A woeful Lions football game is being played on a flat-screen TV, the sound off. Christmas music is playing on a stereo. His girlfriend makes herself busy, out of sight. A fire blazes in a sprawling fireplace he built along with the addition he put on the house, the craftsmanship breathtaking.
There's a second-floor loft with plenty of light where he does his painting, and a bathroom he put in with a walk-in shower and a Jacuzzi tub.
He says he decided to come home after a meeting with a member of Sen. Carl Levin's staff and a staffer from the Senate Armed Services Committee, which the veteran Michigan Democrat now chairs.
In an e-mail to the Metro Times from Levin's office, the official word is that little of any consequence transpired. Mahany was told by staff that the "Senate Armed Services Committee would continue to exercise oversight of the Department, as they have done in the past, to ensure their judicious use of stop loss."
But Mahany contends that there was more to it than that.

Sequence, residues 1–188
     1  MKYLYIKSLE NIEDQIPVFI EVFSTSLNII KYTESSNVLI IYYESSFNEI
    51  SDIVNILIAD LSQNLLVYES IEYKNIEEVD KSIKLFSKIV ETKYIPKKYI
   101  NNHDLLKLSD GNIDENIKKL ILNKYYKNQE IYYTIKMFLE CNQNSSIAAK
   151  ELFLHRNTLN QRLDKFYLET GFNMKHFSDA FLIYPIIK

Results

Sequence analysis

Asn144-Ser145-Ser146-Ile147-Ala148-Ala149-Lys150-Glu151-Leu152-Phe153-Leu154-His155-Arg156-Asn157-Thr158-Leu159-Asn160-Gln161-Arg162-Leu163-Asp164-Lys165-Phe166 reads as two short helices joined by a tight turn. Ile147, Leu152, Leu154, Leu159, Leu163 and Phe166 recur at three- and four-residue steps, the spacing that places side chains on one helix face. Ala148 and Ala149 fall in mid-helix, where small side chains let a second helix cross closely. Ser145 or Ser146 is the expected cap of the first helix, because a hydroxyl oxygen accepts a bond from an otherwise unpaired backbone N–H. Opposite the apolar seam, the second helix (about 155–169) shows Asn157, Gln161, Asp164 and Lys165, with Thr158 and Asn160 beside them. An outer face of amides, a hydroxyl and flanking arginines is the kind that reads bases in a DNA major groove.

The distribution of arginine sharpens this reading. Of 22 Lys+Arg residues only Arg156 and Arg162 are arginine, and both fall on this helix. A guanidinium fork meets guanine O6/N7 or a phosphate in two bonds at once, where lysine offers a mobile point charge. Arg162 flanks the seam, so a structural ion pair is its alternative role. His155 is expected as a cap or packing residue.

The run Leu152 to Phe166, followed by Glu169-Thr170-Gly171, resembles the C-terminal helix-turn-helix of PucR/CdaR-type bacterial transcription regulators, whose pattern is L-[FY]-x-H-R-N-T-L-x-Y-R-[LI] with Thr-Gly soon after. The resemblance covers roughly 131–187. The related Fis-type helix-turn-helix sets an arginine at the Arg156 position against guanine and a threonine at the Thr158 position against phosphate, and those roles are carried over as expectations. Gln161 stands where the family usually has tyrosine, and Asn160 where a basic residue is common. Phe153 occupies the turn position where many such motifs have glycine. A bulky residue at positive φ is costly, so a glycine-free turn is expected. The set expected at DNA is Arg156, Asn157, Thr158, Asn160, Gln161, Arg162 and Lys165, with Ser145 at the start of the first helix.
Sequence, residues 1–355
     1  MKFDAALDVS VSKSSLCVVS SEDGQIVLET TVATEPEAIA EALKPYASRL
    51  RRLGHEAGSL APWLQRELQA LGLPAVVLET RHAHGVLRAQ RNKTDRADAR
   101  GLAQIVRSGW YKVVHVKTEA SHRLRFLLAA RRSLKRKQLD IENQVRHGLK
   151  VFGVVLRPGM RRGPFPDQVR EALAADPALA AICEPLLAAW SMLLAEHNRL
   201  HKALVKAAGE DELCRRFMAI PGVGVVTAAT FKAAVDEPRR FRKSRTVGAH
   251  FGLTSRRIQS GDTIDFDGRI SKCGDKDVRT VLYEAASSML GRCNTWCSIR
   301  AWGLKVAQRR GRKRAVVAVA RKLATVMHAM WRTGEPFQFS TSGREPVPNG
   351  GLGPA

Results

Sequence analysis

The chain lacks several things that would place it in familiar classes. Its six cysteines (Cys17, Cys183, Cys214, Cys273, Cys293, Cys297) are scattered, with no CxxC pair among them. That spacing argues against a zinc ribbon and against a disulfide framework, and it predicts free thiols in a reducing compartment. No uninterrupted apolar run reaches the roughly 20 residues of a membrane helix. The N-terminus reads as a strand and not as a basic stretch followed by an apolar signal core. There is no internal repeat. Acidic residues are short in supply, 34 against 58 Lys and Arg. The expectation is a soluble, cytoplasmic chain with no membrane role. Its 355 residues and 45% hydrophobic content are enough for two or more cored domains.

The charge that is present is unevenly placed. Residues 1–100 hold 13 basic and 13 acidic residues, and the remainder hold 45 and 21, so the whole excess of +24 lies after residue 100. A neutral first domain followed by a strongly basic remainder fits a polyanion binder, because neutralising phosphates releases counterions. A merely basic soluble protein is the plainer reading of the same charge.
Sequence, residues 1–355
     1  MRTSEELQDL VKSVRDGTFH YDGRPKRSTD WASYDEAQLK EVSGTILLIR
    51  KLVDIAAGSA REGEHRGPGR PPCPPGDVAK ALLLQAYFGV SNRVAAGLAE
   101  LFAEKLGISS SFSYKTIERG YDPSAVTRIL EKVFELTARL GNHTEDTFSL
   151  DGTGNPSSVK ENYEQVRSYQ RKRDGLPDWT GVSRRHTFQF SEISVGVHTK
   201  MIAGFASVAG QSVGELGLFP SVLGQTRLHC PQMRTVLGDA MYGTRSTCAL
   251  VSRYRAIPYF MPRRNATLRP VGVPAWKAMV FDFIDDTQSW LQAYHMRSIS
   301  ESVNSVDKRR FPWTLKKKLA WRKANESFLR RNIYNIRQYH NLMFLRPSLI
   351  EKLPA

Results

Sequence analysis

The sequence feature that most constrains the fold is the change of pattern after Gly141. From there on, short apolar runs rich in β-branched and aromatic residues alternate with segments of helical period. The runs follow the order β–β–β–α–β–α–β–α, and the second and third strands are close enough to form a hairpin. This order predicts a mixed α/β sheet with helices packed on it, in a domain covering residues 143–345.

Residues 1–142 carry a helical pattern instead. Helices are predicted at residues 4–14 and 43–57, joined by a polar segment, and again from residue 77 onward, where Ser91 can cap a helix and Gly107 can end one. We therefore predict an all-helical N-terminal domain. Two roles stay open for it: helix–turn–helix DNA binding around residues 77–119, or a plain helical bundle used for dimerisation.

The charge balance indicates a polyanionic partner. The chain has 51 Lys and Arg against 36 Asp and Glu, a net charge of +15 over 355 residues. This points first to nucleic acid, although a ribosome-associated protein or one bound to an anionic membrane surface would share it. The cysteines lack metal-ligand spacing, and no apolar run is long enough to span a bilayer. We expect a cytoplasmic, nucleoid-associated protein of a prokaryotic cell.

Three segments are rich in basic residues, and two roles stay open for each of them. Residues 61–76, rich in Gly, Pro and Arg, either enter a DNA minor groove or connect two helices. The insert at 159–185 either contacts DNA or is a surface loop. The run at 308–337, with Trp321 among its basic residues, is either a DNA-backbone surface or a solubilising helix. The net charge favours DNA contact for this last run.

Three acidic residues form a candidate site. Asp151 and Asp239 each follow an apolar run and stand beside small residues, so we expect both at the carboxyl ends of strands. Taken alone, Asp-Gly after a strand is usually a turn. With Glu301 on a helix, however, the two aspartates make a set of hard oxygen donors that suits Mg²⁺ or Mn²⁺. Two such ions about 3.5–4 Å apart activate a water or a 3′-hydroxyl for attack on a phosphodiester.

The meeting was held on the 29th day of his fast. Although he agrees that there was no commitment to hold hearings, there was a promise to take a close look at the issue.
"I think I found a pocket of hope," he says. Compared to the previous meeting, it was "like finding a rose in a thorn bush. There was an understanding of the problem, and a willingness to try and address it."
That, he says, was enough to get him to start eating again.
There were more questions, though some of them seem rather frivolous considering the seriousness of the issue he has taken on.
Like, what was the first thing he ate?
"A bowl of crab chowder, with all the meat and vegetables strained out. A friend of mine who is an attorney happened to be in Washington that day, and he took me out."
A glass of chardonnay washed the chowder down.
And how much weight did he lose?
"Thirty pounds, which is what I think I lost the first time. But I've already gained seven pounds back."
How were things different this time compared to 1970?